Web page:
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Boat International

Boat International February 2017

Boat International is the number one magazine in the international superyacht market. Launched in 1983 it has been the voice of record charting the superyacht industry for over 25 years and is the globally acknowledged authority in its field. The world's only monthly superyacht magazine, Boat International delivers exclusive and unrivaled coverage of power and sail yachting from the world's best journalists and photographers.

País:
United Kingdom
Idioma:
English
Editor:
Boat International Media
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12 Números

en este número

1 min.
the ocean awards 2017

Every reader of Boat International enjoys the sea, whether being on it, working near it, designing for it, or merely reading about it. Yet more so than ever, our oceans are in peril. Plastics, overfishing, pollution and human irresponsibility all mean the largest living space on earth is fast deteriorating. We at Boat International are committed to doing our bit to help, and our February issue is dedicated to ocean conservation and the people, projects, owners and builders working in this critical arena. Leading the way are the winners of our annual Ocean Awards. This year, thanks to the increase in the calibre and number of nominations, our judges, presided over by Blue Marine Foundation’s executive director Charles Clover, fell into heated debate. We hope you agree the ensuing winners…

2 min.
contributors

Harru Copy Wright Landscape photographer Harry lives in the salt marshes of north Norfolk with his wife and three children. He shoots for Harper’s Bazaar and exhibits at Eleven in London. This month he photographs some of the Ocean Awards winners, above. What did you like most about shooting the winners? I love being by the sea Who inspired you the most? Maria Damanaki is great. What an extraordinary woman Which is your favourite shot? The one of Susie Tomson. It was particularly stormy and the Solent was grey and turbulent What are you doing to save the oceans? Trying to row and cycle wherever I can The ocean you’d most like to visit? The Pacific because it is warm and magnificent – the opposite of my North Sea Olivia falcon Olivia lives in St John’s Wood in…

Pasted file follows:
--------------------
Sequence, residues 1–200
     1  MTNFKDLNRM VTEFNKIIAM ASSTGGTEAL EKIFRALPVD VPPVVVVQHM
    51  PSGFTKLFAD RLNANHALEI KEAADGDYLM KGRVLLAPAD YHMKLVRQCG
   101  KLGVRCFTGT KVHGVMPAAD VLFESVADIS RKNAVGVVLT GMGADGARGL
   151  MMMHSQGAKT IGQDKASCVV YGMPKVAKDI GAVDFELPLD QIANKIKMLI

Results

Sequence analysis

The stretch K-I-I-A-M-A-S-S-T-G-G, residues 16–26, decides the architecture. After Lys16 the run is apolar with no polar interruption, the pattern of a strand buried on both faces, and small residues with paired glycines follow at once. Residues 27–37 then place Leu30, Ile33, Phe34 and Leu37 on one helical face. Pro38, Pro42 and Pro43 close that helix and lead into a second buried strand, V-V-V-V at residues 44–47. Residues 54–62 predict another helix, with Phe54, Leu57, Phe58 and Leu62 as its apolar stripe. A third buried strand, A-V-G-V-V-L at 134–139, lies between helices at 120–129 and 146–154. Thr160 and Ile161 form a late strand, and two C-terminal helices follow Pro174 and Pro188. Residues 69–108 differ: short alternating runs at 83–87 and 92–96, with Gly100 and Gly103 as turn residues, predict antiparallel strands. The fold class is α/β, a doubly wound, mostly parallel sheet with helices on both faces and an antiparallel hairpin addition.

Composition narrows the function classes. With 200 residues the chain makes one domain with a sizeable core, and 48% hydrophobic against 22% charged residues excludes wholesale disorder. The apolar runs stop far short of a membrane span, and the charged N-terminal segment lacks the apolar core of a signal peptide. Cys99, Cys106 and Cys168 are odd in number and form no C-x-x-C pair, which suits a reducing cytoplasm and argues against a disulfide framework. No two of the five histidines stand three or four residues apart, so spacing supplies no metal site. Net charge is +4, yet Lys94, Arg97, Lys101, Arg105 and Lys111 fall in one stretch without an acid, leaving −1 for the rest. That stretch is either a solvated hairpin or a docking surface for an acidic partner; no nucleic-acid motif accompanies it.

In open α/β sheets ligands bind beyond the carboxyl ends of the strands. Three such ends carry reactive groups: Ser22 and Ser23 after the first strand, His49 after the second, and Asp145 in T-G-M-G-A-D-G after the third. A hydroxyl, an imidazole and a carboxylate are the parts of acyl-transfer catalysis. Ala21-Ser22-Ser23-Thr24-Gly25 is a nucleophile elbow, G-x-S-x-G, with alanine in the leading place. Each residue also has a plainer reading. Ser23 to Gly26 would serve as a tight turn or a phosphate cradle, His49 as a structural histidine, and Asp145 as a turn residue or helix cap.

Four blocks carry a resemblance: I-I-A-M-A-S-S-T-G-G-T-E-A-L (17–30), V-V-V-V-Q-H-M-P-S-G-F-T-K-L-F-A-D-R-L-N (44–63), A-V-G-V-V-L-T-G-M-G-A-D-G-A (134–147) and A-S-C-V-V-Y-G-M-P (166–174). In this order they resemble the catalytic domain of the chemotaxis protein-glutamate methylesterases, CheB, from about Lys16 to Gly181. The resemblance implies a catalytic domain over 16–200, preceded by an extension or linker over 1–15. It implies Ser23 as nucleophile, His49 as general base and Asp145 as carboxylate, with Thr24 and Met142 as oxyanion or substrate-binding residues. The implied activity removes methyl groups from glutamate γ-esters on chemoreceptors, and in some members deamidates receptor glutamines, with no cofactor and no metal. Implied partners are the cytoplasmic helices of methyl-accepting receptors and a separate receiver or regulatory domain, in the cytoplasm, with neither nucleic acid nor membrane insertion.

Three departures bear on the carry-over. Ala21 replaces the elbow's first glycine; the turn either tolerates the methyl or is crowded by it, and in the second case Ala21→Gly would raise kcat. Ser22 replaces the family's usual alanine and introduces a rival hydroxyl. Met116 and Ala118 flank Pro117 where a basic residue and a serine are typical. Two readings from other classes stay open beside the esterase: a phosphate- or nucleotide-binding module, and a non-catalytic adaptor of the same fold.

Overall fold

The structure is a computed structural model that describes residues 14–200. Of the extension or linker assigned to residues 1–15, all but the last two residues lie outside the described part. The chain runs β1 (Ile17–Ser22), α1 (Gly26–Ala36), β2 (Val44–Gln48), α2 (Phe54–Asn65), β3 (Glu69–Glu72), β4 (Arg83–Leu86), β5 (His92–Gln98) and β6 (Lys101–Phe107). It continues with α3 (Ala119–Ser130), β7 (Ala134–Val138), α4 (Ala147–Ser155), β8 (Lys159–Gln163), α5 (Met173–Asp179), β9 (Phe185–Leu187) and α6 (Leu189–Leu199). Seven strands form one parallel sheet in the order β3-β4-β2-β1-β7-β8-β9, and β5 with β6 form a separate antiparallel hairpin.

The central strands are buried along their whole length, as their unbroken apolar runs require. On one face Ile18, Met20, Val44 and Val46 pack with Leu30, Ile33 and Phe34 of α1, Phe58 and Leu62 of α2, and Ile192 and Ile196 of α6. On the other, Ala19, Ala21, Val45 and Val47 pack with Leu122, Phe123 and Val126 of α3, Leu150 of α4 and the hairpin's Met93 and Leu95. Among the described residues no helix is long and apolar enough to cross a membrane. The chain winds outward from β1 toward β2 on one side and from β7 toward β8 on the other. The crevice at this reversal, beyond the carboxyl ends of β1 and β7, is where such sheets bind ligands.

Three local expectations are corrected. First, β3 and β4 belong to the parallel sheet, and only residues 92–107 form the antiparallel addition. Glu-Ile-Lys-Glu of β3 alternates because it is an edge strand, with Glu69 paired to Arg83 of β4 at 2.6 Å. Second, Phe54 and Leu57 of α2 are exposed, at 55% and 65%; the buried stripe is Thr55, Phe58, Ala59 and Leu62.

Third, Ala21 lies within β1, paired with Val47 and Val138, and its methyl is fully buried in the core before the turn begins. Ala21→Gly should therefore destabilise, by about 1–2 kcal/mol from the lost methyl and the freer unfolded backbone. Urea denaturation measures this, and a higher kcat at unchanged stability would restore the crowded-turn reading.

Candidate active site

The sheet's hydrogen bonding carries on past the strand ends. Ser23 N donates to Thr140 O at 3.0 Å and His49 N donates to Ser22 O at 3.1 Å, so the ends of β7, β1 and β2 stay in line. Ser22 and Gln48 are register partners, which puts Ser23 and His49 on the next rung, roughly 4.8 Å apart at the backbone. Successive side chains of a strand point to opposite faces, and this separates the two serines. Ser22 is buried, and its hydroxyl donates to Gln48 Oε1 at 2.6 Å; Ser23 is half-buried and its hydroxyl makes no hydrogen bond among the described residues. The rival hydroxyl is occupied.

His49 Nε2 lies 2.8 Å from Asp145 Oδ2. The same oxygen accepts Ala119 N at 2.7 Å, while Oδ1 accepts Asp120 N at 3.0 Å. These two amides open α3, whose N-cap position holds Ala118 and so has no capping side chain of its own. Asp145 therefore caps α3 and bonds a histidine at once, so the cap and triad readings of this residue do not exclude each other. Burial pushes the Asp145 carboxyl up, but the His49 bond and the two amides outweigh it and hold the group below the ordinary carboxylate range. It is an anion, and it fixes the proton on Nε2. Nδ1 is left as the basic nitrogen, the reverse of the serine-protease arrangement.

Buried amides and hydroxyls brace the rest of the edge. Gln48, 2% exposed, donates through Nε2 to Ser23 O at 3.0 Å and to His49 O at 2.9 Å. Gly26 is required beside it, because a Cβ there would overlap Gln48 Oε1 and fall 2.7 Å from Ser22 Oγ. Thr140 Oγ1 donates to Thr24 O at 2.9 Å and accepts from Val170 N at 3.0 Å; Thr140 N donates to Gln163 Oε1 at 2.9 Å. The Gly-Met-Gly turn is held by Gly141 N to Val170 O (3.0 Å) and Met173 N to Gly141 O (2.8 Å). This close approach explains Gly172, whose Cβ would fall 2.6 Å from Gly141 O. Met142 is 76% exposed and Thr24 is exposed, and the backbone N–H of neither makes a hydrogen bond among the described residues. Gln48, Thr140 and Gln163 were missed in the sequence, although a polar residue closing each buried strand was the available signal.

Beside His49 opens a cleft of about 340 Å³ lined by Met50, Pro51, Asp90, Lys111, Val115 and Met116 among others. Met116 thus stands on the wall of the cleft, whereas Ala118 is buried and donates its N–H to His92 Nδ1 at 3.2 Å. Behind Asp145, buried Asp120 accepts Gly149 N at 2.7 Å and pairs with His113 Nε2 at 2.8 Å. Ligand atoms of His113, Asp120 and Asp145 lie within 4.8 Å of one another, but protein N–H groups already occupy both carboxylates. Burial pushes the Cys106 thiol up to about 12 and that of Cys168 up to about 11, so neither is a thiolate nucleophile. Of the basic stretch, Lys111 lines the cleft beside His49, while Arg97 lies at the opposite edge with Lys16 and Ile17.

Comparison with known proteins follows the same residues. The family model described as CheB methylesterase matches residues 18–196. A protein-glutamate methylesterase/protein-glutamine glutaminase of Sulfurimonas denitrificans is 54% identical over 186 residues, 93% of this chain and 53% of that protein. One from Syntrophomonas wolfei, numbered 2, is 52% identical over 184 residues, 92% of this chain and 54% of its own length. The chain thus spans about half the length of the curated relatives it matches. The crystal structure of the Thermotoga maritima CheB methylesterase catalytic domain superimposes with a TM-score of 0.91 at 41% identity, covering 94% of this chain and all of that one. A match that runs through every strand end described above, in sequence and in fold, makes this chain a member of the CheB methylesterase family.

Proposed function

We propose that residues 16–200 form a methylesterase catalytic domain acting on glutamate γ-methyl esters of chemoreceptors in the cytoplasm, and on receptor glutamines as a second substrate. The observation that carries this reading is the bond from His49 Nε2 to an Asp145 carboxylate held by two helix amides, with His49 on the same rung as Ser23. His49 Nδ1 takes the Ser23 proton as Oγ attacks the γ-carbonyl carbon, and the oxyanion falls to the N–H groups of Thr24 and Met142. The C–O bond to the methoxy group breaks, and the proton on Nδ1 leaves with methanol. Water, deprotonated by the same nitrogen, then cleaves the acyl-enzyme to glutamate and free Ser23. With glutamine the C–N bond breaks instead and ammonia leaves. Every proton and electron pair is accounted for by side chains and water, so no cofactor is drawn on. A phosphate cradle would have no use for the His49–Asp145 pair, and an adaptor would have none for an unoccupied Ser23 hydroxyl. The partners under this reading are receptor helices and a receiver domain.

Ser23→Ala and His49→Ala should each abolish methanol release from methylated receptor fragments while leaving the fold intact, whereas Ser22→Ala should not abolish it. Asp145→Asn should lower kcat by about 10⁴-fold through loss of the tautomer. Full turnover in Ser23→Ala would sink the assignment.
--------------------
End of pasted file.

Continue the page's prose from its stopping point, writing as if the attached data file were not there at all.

1 min.
positive energy

Renewable energy is a well established theme in yachting, with solar power driving some of the world’s most cutting-edge cruisers (see our report on the Arcadia 100 on p124). However a French team of naval architects is hoping to open up a whole new frontier with Energy Observer, which is currently under construction in Saint Malo ahead of a planned May 2017 launch. This 30 metre catamaran will use solar panels and two wind turbines to charge its hydrogen fuel cells for a round-the-world climatology expedition. Co-founder Victorien Erussard says: “The idea is to prove that impossible things are possible.” This month: Sir Ben Ainslie reveals his America’s Cup race boat, Eddie Jordan on “skinny bitches”, and six of the best submersible dives…

3 min.
lippy from the liffey

I’ve never been big on resolutions... I don’t smoke and, for me, promising not to drink again is just nonsense I’m writing this with a slightly sore head. Each winter, just before Christmas, some old friends from Formula One and I head out to Antigua to spend a week on board my Oyster 885 Lush. The charter show is always on at the same time and each night there’s a party. Last night it was Camper & Nicholsons’ turn. I’ve just received a note from the broker Alex Lees-Buckley, saying: “Eddie, what on earth was going on last night?” There was a band there and I played a little and it just took off. All the crews were there after tough crossings and they went mental. But we have to watch ourselves,…

3 min.
the big reveal

The rules governing the America’s Cup state that no one can launch their race boat more than 150 days before the first race of the Qualifiers on 26 May. So the earliest launch date was 27 December 2016, which is why, through early 2017, you will see plenty of coverage as the new boats hit the water. There is always a trade-off between launching as early as possible, which the sailors prefer, and doing more design work and going into the water slightly later, which the designers prefer. It will be interesting to see how the other teams balance these options. This is a good time to look at our first America’s Cup Class boat, or R1 as we call her, and how she differs from the AC45F boats racing so far…

1 min.
eye opener

The biggest fish in the sea, the whale shark can grow up to 12 metres long, big enough to give even the hardiest diver pause for thought – before they spot its distinct lack of teeth. The shark is a slow moving filter feeder, its gaping yaw scooping up plankton and small fish, as a baleen whale does. This one, accompanied by a remora and fusiliers, was photographed off the coast of Western Australia by National Geographic marine photographer Brian J Skerry. Once a year, during the full moon, the Ningaloo reef here becomes a festival of sea life, corals shooting off their vividly coloured polyps, krill swarming to snap up the polyps and finally these graceful giants, here to gulp down the well fed krill. Despite its size, the…